A profile of labor unions' use of public relations today
Lento, Marilyn Carol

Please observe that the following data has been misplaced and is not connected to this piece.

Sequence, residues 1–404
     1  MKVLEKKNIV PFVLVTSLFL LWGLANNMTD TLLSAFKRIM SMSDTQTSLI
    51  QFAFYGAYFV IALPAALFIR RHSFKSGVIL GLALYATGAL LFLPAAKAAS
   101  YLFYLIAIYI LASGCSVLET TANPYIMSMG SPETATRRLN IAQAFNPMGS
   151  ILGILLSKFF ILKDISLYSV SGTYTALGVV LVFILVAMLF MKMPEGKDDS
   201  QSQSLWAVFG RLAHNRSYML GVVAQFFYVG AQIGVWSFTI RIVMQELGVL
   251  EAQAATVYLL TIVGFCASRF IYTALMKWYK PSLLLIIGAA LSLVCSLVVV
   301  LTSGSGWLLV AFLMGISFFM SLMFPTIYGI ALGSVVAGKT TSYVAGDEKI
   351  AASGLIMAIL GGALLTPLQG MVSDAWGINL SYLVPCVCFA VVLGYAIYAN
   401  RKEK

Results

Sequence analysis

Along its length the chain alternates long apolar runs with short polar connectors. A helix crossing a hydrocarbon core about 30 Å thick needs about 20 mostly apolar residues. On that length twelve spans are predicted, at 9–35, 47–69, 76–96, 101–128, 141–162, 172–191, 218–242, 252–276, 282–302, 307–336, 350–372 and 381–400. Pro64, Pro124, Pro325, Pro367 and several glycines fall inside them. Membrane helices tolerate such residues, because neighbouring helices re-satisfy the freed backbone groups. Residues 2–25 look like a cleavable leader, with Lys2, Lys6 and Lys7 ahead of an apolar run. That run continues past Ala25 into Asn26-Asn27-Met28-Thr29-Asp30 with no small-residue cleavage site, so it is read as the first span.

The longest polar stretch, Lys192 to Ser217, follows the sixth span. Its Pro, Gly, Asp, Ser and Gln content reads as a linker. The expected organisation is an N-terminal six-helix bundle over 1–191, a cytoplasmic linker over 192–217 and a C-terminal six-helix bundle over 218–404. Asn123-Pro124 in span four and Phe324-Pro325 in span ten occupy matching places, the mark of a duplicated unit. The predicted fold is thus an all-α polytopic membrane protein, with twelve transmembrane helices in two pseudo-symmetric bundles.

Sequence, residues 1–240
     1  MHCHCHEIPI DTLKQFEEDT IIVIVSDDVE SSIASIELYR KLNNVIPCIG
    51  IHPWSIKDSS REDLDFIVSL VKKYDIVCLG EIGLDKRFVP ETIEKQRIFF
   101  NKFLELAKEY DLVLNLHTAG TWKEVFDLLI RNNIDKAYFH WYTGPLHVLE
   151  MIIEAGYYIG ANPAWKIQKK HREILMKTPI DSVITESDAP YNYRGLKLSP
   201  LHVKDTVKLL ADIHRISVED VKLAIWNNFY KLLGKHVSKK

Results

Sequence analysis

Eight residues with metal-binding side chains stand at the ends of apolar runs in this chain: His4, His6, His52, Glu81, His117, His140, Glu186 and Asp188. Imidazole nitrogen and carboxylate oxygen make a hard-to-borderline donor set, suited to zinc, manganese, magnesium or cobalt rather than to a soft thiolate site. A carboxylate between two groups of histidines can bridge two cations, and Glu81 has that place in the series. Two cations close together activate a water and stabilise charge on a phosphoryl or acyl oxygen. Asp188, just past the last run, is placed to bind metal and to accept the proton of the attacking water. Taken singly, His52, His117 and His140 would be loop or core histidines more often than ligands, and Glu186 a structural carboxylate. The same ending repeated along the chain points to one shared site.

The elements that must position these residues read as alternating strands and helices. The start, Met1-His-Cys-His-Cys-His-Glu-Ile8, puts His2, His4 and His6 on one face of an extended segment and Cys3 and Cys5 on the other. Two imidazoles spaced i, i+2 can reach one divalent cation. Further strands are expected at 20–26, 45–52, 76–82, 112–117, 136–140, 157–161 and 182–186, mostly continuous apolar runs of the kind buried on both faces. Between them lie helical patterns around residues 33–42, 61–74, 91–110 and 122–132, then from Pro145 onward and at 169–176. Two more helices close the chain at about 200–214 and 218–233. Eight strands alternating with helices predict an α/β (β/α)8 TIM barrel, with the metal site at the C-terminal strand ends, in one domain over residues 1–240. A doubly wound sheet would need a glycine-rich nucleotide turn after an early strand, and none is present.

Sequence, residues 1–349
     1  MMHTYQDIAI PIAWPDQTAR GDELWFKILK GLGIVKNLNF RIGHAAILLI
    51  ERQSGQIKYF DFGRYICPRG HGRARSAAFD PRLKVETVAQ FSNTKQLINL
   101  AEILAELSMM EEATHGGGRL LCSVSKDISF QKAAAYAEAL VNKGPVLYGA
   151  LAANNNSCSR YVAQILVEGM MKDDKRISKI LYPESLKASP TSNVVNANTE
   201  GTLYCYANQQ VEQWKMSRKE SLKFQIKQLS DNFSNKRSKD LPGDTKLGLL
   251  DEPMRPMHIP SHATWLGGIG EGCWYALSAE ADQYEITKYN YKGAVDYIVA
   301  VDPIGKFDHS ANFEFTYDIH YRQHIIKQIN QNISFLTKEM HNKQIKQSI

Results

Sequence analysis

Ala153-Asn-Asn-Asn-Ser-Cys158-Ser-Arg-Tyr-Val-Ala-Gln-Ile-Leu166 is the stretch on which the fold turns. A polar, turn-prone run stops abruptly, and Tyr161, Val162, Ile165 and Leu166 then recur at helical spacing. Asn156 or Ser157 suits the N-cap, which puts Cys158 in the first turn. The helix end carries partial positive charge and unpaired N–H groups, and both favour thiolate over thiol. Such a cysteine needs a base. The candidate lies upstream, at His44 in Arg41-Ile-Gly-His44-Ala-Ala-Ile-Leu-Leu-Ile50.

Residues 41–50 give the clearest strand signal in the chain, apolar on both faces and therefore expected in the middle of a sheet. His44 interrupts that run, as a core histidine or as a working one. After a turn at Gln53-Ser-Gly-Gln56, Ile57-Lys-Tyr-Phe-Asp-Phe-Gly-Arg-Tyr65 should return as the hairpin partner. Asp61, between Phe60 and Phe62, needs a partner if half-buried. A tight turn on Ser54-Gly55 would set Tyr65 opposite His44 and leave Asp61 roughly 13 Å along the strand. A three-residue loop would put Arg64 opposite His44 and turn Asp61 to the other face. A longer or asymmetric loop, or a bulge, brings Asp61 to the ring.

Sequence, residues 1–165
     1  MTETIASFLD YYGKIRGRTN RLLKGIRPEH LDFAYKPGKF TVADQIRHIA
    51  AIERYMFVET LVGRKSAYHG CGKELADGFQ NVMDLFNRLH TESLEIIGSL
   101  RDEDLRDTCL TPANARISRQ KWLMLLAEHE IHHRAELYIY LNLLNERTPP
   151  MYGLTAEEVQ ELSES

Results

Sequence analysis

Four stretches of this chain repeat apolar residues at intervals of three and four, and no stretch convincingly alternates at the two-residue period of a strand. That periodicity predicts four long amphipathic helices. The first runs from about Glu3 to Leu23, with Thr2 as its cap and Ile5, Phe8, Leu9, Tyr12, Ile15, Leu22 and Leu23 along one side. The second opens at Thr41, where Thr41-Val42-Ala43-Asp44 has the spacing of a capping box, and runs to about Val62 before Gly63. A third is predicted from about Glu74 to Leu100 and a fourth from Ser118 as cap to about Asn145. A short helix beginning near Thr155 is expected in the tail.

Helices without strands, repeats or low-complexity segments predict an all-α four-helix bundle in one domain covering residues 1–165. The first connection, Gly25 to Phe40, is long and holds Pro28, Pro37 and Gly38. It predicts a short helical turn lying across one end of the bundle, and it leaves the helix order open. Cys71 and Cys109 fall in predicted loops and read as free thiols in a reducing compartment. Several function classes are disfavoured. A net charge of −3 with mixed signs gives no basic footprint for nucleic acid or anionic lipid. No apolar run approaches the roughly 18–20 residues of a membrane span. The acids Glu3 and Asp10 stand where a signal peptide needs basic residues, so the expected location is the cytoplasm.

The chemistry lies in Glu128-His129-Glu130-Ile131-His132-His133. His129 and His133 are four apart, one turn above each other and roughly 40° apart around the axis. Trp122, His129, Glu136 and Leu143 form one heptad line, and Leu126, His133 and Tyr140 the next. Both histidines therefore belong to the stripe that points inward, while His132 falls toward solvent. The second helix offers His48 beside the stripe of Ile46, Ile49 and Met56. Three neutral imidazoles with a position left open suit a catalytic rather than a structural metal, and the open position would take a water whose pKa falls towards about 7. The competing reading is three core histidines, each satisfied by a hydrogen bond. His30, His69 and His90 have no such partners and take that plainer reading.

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This study was designed to determine how much of union relations and communications can be identified as public relations. The research was performed via personal and telephone interviews with union officials and representatives to question: (a) the existence of public relations formally or informally within union management levels; (b) the differences in union terminology and corporate public relations functions; and (c) the differences among the union personnel who practice these functions. The study also attempted to identify the (a) differences between the union's external and internal public relations efforts; (b) problems encountered by union public relations practitioners; and (c) examples from case studies. One hundred union local and national offices were systematically selected in the Chicago area. They were contacted for the names of union representative sources on the management levels. Fifty-one of the unions supplied lists. From these lists, ten union officials and five alternates were randomly selected to participate in the interviews. These individuals were contacted by telephone regarding their participation. Each was mailed an outline questionnaire prior to the personal interview. The findings of the study appear to support unions' use of public relations. Unions appear to use both informal and formal public relations efforts. Some union managements have either an informal or-formal public relations department. However, each department uses many different terms to identify specific public relations functions, communications activities and titles of the public relations practitioners. The findings also appear to support differences between internal and external public relations efforts. With union officials emphasizing and dictating where the public relations efforts should go, the public relations practitioner is faced with many problems including changing strategy midway through a public relations program. Union officials also hesitate to publish case studies and often do not approve of exchanging such information with other unions. There appears to be a growing trend by some unions to seek additional public relations counsel. In several instances, it appears that this trend could be attributed to younger, better educated, and more liberal union leaders. Unions' use of public relations could be studied for further support of the assumptions. These same participants could be retested within five years to determine what public relations functions and programs had developed to solve more complicated union programs.